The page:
Tuesday, 24 January 2012

Breaking up with your addiction

Whether it's sugar, alcohol, smoking, junk food or anything you can possibly imagine being addicted to, these addictions all have one thing in common, they are bloody hard to quit. So far I have managed to give up drinking and very bad eating habits, I'm just about to start giving up cigarettes. This is my guide I have written about quitting an addiction, which can be used for any habit, this is written from my experiences, not by some bloke in an office reading books about addiction, this is real life experience, much more valuable in my opinion ;)

I know, I know, this can feel like torture, but it is a great way to get you motivated, rather then just say "I'll do it soon", soon could be 50 years from now. If you know that you really (and I mean really, really!) want to quit, get your diary out and pick a day, hopefully one that is relatively stress free, but also full of activities to distract you from cravings or grumpy moods. Highlight it, write it in bold! be proud that you have the strength to stop whatever it may be you are addicted to. And then remind yourself of the positives you will receive from doing this (see point 3).

I have to admit, I have broken at least a million of the rules you are supposed to follow in recovery, yet I am still sober. Don't get into a relationship for the first year (I cant control fate), 90 meetings in 90 days (how about none?), outpatient groups (umm.. again none), read literature about your addiction (...oops). I find what has kept me away from my bad habits, most of all, is getting back to real life, looking after myself, respecting myself, having people support you, whether you need help or are doing well and keeping occupied. Follow your own path and only use what works for you, not what works for somebody else. 

- Saving money: Oh, I can't tell you the amount of money I have saved since quitting quite a few of my bad habits. It is scary to actually look back and think about how much I spent on habits that were slowly killing me. But I smile now, because I am saving money towards positive things in my life I would not have been able to do if I was still an addict, I am saving for travel, art material, yummy food, a bicycle and so much more. Money isn't the most important thing in the world, but your health sure is.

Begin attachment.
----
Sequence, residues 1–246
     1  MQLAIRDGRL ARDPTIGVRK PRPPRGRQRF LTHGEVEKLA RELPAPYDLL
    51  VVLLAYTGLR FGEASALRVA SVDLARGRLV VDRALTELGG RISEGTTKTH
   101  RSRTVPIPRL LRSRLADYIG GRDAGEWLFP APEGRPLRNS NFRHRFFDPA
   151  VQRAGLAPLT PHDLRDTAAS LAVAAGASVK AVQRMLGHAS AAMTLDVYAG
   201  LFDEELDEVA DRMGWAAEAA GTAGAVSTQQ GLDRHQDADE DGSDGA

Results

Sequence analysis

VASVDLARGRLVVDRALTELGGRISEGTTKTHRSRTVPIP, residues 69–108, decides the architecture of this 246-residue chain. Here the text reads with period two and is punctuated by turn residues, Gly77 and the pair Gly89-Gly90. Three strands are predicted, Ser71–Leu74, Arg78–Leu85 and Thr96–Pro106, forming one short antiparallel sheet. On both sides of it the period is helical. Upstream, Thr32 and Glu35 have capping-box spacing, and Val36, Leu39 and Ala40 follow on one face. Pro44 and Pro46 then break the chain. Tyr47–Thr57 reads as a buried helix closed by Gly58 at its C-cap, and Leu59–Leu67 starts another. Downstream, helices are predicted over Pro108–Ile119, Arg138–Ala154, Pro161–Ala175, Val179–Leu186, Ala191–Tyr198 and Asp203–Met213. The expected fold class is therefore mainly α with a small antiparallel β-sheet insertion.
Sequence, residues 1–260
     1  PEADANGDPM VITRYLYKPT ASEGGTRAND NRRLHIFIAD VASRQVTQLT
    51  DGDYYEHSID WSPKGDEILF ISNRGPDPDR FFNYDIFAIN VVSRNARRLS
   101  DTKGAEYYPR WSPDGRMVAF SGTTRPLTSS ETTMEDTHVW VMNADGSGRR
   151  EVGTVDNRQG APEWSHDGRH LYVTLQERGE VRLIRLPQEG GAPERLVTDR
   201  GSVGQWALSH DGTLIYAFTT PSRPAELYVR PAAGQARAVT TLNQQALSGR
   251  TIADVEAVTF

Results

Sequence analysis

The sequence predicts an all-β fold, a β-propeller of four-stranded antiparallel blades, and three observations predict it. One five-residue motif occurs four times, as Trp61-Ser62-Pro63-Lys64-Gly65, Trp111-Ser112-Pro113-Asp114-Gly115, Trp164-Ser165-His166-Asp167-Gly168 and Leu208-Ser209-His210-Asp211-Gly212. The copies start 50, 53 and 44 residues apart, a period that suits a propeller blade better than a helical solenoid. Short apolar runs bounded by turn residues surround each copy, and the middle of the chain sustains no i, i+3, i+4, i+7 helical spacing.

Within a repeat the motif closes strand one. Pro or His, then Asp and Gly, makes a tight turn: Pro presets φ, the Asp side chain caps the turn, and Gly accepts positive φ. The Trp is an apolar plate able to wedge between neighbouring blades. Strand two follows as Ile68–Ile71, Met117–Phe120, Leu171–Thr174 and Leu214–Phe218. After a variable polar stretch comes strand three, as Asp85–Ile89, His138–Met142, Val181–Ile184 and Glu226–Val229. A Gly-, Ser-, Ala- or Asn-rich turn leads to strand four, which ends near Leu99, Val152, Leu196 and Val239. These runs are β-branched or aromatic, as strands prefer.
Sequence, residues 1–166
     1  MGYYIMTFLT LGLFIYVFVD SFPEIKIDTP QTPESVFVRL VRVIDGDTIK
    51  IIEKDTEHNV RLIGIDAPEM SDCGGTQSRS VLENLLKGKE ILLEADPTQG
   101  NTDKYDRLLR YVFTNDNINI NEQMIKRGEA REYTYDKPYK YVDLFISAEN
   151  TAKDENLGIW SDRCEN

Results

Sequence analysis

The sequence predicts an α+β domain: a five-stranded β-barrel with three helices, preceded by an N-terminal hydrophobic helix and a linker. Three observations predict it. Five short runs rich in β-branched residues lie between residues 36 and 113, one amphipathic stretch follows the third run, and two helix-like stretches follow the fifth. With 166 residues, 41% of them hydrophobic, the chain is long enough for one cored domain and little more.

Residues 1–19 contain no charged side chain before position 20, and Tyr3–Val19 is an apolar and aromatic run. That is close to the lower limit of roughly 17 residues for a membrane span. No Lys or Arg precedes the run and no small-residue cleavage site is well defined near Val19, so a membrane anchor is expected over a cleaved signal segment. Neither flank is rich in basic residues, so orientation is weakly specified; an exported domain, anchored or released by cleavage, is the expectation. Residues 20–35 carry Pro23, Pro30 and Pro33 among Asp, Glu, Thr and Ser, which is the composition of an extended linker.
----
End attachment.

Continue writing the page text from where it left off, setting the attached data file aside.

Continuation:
- Health: Whenever I have gone in to a rehab or GP I always get the stare down and the raised eyebrow, of course I try to deflect that with a joke, but then of course its down to the serious stuff. Luckily for me my bloods have always been good, iron .etc are all in tact, its also always a surprise for the doctors. With bad habits, come the bad effects, for example, my liver results aren't perfect due to drinking, but I am lucky and grateful that the liver has the amazing ability to heal itself and my vitamin d could be better, but I'm working on that with vitamins and a little sun. Results like this led me to take a closer look at what my habits were really doing to my body, all the damage, some can be done and some cant, but I will work on the ones that can. Improving my diet has given me more energy, taking my tablets (multivitamin, antidepressant .etc) regularly has stabilised my mood, not drinking has made my eyes clearer and made me less lethargic, drinking more water is purifying my skin and walking has helped with vitamin d (from the sun) and started all my muscles again. So when you feel uninspired think about how good you will feel without your bad habit, I bet it far out ways the habit.

- Time: A lot of people spend A LOT of time dedicated to there addiction. I know I did, I would actually revolve my day around it, which was such a waste when I think of all the productive things I could have been doing. When you give up your addiction, try to find something your are passionate about, writing, a hobby, sport, art and dedicate the time you would have spent on your addiction, doing something positive.

- You: What will you gain from stopping? stop thinking about all the people you may 'please', because god know if stopping will actually please them at all and then you will be left disappointed. Start thinking about the benefits for you, energy, happiness, health, motivation... anything that you can think of relating to you, I suggest you write it in a diary as inspiration.


Yes that "thing" was fun, it was a huge part of your life, it may have even been comforting when friends weren't to be seen. Honestly, that is just your mind trying to trick you, it was most likely harmful, it may have taken your time, your mind, your spirit, your friendships, your family or your sense of worth away from you. That is why it is important to get rid of anything that remind you of that nasty "thing", for myself I got rid of all alcohol from the house (or, well... my parents did, from my room eek!), I don't even look at the junk food items at the shops, I go straight to the fresh food. I try not to romanticize (this is common) about whatever it is that was doing me harm , instead I remember the negatives or don't think about it at all. Its like remembering a past relationship and forgetting about why you broke up in the first place, yep, all the fights and hate go out the window. Start your new life 
with a clean slate, it makes it much easier and a lot less tempting to slip :)